The construction of the Israel Bike Trail’s southern segment, a 300-kilometer route that runs from Mitzpe Ramon to Eilat, was just completed. Eight marvelous segments of trail cross the mountains and craters of the Negev Highlands, the Arava Valley, and the mountains of Eilat via a singular, bike-only desert track. A description of the entire southern segment follows.
> by Yadin Roman and Avi Gold
The Israel Bike Trail (IBT), which ultimately will traverse the country from north to south, is the brainchild of Yuval Peled and Hillel Sussman of the Israel Nature and Parks Authority (INPA). Eight years ago, they came up with the idea of creating a long-distance trail for bicycles that not only could connect the cycling community to nature and the environment, but also could serve as a challenging catalyst to infuse geography and travel into the growing interest around the country in mountain biking. They worked out a general route though the most attractive scenery in Israel, from the slopes of Mount Hermon in the north to the Gulf of Eilat in the south. From the beginning, they planned for the IBT to be a mountain bike route, that is, a single, unpaved country track that does not enter urban areas. In developing the trail, they took its environmental impact and the preservation of nature and heritage sites into account, among other issues.
When it came to building the actual trail, they quickly discovered that there is little knowledge in Israel of the design principles for biking trails. However, the initial backing from Stephen Bronfman, followed by the Olmert government’s decision to allocate NIS 100 million to the Israel Government Tourist Corporation for the construction of biking trails in open areas, enabled the project to overcome that obstacle and take a significant step forward.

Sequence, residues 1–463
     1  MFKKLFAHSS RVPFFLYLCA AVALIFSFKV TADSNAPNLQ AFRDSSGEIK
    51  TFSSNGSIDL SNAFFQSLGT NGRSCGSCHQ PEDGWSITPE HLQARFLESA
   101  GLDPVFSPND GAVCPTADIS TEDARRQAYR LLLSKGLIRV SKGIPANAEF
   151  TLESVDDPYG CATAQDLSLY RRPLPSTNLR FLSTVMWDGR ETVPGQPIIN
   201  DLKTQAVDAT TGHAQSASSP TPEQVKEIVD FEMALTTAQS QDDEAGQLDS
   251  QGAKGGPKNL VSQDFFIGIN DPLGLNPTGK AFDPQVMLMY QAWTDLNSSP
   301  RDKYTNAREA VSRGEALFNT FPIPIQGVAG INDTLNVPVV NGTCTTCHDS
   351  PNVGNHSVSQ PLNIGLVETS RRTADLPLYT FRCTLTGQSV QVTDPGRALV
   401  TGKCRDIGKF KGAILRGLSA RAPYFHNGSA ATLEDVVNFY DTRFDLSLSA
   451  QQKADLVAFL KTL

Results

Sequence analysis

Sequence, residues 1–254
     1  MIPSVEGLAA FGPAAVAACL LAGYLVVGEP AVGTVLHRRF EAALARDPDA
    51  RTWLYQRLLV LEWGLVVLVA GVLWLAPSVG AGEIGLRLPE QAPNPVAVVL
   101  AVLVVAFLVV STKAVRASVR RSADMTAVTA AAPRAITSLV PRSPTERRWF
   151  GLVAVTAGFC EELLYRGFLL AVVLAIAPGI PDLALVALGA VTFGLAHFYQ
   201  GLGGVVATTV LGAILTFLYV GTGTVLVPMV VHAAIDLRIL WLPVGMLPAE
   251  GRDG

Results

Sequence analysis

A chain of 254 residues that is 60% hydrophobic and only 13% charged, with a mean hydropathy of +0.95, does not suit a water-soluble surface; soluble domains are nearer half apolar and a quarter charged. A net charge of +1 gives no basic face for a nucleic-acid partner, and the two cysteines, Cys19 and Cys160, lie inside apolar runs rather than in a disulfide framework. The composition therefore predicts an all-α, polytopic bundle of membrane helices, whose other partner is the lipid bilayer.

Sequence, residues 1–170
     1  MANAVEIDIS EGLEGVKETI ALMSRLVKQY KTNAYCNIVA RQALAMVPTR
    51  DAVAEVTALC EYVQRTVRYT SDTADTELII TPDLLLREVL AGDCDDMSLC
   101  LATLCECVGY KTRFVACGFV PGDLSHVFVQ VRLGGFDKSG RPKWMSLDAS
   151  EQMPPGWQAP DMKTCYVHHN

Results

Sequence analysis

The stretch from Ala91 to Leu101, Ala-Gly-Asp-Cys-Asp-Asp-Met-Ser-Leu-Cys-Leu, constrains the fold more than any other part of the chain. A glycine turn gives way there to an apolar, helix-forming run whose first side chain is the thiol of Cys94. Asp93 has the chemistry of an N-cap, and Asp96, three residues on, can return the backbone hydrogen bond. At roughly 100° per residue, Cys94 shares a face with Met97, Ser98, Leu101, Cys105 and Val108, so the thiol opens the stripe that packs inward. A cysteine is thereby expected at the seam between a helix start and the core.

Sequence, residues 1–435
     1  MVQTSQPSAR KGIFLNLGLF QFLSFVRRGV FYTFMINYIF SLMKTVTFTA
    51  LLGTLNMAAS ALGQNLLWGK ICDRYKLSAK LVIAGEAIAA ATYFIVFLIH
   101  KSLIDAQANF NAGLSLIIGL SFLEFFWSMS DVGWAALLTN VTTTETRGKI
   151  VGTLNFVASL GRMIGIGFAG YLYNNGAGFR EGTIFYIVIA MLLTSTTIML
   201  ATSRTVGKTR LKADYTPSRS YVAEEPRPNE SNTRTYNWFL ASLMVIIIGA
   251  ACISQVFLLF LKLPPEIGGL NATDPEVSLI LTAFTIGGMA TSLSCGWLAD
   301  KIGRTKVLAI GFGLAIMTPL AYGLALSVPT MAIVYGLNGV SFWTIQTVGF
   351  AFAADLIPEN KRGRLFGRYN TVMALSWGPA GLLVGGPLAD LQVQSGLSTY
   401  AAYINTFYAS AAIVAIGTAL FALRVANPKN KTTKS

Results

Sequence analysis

Menachem Marcus, a guide and geographer, was asked to mark the IBT’s principle route, while several workshops, with experts from abroad, were organized to train Israelis to construct bike trails. The workshops emphasized safety, on one hand, and minimizing environmental impact, on the other hand. The IBT’s route was set in cooperation with the Israel Bicycle Association and all those who completed the workshops received an official certificate. Only workshop graduates are permitted to build bike paths in open areas (currently there are 80 people in Israel who are certified to do so).
The work itself was done with the help of volunteers and, of course, was managed by professional planners. The work in essence is manual labor, performed with spades, hoes, and brooms. No outside materials are used; only the soil and rocks found around the trail itself are utilized. INPA rangers oversee the construction to ensure that the infringement on the land is minimal. Great effort also was made to create a track that is safe for riders, taking into account issues such as gradient and level. Finally, special signage was designed for the IBT; it has since become the standard on bike trails around the country.
When the IBT is completed, it will cover approximately 1,200 kilometers that can be divided into segments of 30-25 kilometers, each of which is designed to be biked in one day. Each segment ends at a campsite; more upscale tourism facilities also are available at some spots. The planners hope the trail will facilitate the growth of the ever-evolving sport tourism industry. They also hope that the path’s uniqueness will attract bicyclists not only from Israel but also from around the world – just as the Israel Trail attracted hikers – and thus make an important contribution to tourism development in Israel in general and in the areas that are near the IBT in particular.